My career as a Mom in a Waiting Room began about 28 years ago when our oldest daughter, Kate, took her first dance class. Little did I know that my waiting room residence would continue for more than a decade and that I would eventually be upgraded to a front and center seat at Radio City Music Hall where our youngest daughter Jessica would be cast as a Rockette.
As you can imagine, I have seen my share of dance classes where I’ve met my share of dance teachers and through the years I have learned a lot about dance and the building blocks that comprise a well executed dance skill. There was a definite learning curve for me because, unlike my daughter, I am not a dancer - I am a teacher with a specialization in Early Childhood Education, so I have an understanding of the unique ways that a preschooler learns.
Over the weeks and months and years I observed little dancers of all shapes and sizes through glass doors and windows. I delighted in their giggles and squeals as they twirled about the dance floor trying to make sense of tendus, plies, and first position. For a little one still figuring out right from left, it was clear to me that some of the skills being asked of them were simply not possible at that stage of their cognitive, physical and emotional development. Their teachers were loving, kind and enthusiastic with a passion for dance and an understanding of the methodology of teaching dance. As an educator it seemed to me that what was missing most often in these preschool level classes was the understanding of the unique ways in which a young child learns.
So how do you teach a preschooler to dance? You blend a mastery of pedagogy with the expertise of child developmental psychology to produce a perfectly balanced and age appropriate curriculum. About ten years ago I set out to find such a program to best teach our young BYPC dancers.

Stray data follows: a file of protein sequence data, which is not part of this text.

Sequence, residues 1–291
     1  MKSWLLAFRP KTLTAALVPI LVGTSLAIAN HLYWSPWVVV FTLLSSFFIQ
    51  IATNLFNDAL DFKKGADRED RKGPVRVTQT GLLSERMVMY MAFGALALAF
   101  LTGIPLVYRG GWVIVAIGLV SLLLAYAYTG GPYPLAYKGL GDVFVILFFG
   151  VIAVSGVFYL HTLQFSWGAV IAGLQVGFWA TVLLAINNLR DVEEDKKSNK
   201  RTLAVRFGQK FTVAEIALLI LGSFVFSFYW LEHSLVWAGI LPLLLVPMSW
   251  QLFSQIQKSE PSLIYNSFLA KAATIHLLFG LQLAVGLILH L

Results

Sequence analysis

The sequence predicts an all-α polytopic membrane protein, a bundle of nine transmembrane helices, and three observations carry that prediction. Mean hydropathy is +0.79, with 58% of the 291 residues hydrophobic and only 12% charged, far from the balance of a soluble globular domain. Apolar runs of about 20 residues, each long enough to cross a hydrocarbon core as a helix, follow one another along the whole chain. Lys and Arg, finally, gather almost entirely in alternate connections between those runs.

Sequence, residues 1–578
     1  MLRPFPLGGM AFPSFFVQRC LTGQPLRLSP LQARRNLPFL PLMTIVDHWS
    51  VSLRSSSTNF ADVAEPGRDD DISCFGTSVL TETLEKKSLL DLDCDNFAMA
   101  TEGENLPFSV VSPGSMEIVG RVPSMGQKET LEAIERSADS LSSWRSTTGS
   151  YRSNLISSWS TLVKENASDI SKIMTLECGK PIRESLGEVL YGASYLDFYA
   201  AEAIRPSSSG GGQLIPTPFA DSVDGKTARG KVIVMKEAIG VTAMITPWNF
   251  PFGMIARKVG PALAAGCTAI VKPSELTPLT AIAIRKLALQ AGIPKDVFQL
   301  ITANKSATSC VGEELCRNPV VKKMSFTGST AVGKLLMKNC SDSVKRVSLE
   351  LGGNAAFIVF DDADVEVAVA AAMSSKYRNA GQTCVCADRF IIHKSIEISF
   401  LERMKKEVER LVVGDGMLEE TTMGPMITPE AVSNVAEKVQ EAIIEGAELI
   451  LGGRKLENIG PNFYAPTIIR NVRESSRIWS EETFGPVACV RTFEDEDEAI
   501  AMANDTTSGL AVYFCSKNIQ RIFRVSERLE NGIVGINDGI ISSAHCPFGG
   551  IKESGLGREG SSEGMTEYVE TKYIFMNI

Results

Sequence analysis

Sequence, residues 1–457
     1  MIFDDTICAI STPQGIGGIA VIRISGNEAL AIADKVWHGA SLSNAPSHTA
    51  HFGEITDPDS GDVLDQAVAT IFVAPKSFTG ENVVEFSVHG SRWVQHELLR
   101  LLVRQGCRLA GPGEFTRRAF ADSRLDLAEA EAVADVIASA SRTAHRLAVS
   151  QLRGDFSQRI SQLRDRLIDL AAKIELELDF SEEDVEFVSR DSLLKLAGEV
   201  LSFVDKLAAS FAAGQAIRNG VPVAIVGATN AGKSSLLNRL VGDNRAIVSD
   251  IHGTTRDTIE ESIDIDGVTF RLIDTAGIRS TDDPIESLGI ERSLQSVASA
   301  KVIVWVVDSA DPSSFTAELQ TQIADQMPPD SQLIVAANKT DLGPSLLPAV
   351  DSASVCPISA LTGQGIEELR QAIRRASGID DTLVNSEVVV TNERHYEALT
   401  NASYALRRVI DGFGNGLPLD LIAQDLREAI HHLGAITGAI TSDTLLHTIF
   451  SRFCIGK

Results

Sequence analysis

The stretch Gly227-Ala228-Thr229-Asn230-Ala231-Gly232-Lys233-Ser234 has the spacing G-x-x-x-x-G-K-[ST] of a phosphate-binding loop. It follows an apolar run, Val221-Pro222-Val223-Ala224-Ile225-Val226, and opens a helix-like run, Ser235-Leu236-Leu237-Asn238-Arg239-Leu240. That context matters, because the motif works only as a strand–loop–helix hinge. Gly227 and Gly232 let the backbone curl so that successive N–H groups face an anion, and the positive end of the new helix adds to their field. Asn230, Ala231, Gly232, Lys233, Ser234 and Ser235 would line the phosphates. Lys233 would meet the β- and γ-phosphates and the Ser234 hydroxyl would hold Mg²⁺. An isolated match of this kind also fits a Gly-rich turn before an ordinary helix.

Much to my surprise such a program did not seem to exist. Music educators had developed programs such as Musikgarten and Kindermusik that were founded in developmental psychology but there was nothing for dance. It started to seem that the best answer was to write our own curriculum until one day I saw a promotional ad for a preschool dance pedagogy workshop being held at the Alvin Alley School of Dance. I didn’t have to think twice. I booked my trip and was thrilled to find a perfectly packaged dance program all wrapped up with a shiny bow - The Leap N Learn Dance Curriculum.
Over the course of that weekend I would learn that the Leap ’n Learn Dance Curriculum is written by Ballet Master Beverly Spell and Child Psychologist Dr. Annie Spell. The classes are broken up into a series specific for each age group beginning with children three years old, then four, five and so forth through the age of twelve. Each yearly curriculum is comprehensively designed with hundreds of pages of lesson plans carefully crafted for the young dancer at their specific stage of development physically, emotionally and cognitively.
Leap ’n Learn IS how you teach a preschooler to dance and BYPC is proud to be a leader in teaching the curriculum that is now employed in dance programs around the world.